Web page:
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Eboracum’s CSAS staff join police to tackle anti-social cycling in York

With York bustling again with summer tourists, private security company employees accredited with certain police powers are joining police officers to take action against cyclists who ride on pavements and in ‘footstreets’ in the city centre putting pedestrians at risk of harm.

There had been many reports of ‘near misses’ and cyclists ‘racing’ in pedestrian-only designated areas as local shoppers and visitors returned after non-essential retail outlets reopened on 15 June following the easing of restrictions following the COVID-19 lockdown.

At the height of the lockdown the rules that prohibited cycling through York’s footstreets were not enforced so as to encourage people to exercise and to help with food deliveries. With the lockdown easing and visitors returning, those rules are being enforced and cover newly extended footstreets.

A team led by the York Business Improvement District (BID) was set up to tackle the problem. Part of this team included a York-based security company, Eboracum, whose employees work as Street Rangers on behalf of the BID. The Street Rangers were joined by regular police officers, police community support officers and council enforcement officers.

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The first phase of operation involved cyclists being stopped to enable the rules to be explained. Now follow-up operations are being held at different times throughout the day without notice to ensure cyclists ride within the rules or face a penalty notice and fine.

Carl Alsop, BID operations manager, said that the BID took action after a series of complaints from businesses, members of the public and city centre hosts, about cycling in pedestrian areas. “Now those streets are busy again with residents, visitors and families, the problem has become more urgent.”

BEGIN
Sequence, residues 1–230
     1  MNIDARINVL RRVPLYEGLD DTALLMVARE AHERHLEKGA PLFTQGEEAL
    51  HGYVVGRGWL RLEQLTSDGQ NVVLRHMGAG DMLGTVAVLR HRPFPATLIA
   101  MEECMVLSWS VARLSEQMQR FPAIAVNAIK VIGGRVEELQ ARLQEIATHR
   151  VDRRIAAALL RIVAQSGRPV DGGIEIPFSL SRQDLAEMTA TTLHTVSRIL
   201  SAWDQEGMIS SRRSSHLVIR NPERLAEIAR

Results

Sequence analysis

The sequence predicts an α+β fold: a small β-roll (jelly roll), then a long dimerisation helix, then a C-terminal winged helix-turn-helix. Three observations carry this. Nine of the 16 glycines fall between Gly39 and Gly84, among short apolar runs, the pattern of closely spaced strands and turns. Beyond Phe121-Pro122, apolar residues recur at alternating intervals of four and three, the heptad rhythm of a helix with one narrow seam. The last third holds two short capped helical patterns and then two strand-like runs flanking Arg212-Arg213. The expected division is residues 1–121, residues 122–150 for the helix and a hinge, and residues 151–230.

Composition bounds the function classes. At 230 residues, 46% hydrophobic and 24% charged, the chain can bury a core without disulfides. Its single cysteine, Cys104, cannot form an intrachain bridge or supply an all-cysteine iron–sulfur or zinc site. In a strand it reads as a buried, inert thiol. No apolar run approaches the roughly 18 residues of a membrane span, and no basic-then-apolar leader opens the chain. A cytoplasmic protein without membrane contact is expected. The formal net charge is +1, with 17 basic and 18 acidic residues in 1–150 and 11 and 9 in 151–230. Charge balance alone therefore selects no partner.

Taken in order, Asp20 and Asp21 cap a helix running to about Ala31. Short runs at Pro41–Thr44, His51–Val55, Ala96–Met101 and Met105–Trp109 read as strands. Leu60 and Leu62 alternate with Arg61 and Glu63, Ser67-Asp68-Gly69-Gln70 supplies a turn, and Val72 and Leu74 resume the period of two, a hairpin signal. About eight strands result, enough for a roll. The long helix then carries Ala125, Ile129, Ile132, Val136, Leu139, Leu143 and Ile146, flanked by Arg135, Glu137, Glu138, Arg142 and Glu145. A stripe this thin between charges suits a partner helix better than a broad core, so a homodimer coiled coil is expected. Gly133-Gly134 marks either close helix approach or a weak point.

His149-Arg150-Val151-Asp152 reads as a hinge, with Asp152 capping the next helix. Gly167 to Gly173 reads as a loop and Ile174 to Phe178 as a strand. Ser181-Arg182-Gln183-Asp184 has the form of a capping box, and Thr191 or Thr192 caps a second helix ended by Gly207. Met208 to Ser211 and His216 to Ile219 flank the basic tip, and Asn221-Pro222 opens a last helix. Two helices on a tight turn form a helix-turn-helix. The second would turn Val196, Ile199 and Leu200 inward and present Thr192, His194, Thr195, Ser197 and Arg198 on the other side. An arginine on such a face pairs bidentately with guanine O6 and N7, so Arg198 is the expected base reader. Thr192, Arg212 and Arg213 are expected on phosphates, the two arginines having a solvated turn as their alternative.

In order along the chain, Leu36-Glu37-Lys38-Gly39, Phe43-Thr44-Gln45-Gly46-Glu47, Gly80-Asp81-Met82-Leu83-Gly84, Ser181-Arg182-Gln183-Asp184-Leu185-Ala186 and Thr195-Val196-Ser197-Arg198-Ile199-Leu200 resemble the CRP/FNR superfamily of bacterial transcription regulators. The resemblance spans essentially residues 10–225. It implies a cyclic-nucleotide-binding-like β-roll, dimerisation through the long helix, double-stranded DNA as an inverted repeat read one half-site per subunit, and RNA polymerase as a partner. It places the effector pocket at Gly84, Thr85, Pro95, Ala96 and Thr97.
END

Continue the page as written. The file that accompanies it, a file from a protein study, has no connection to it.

Carl explained that the BID is a big supporter of cyclists – having increased the available city centre bike storage by about ten per cent.

“However, for the good of all those who work, shop and socialise in York city centre, we need to make it clear to the small minority of riders who ignore the rules that their anti-social behaviour isn’t acceptable,” added Carl.

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As part of other BID initiatives during lockdown, Street Rangers were involved in joint operations with police to carry out daily patrols to protect around 200 businesses that wanted to ensure their premises were protected whilst they remained empty. This service was extended with the Street Rangers adapting their long-established night-time bicycle patrols with police to deter burglars from targeting empty premises.

In addition, the Street Rangers locked and unlocked gates and carried out patrols at the Museum Gardens, Yorkshire Museum and York Observatory at the request of the York Museums Trust.

Since the Street Rangers were launched in 2016, they have helped to detect and deter thousands of crimes as well as support city businesses, provided support and reassurance to local residents and acted as city ambassadors to tourists every year.

Eboracum Managing Director, Carl Nickson, said: “Our Street Rangers are working closely with our partner organisations to help make York City Centre a safe place for residents, tourists and local businesses.”

Eboracum’s employees have been accredited with certain police powers by the Chief Constable of North Yorkshire under the Community Safety Accreditation Scheme (CSAS), a voluntary scheme, contained in Section 40 of the Police Reform Act 2002.

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The role of assessing private sector companies seeking approval to run a CSAS scheme is carried out on behalf of the National Police Chiefs’ Council by Police Crime Prevention Initiatives (PCPI), a police-owned organisation that works on behalf of the Police Service throughout the UK to deliver a wide range of crime prevention initiatives.

PCPI carries out checks to establish whether companies are ‘fit and proper’ to exercise CSAS powers and then makes recommendations to Chief Constables in the area the scheme will operate.

It is Chief Constables in England and Wales who decide whether to accredit employed people already working in roles that contribute to maintaining and improving community safety with limited but targeted powers.

PCPI has assessed more than 120 private sector companies seeking to run a CSAS. The scheme significantly increases the number of businesses able to deliver services that reduce low level crime and disorder whilst assisting police by easing demands on their time and resources.

Photographs courtesy of YorkMix: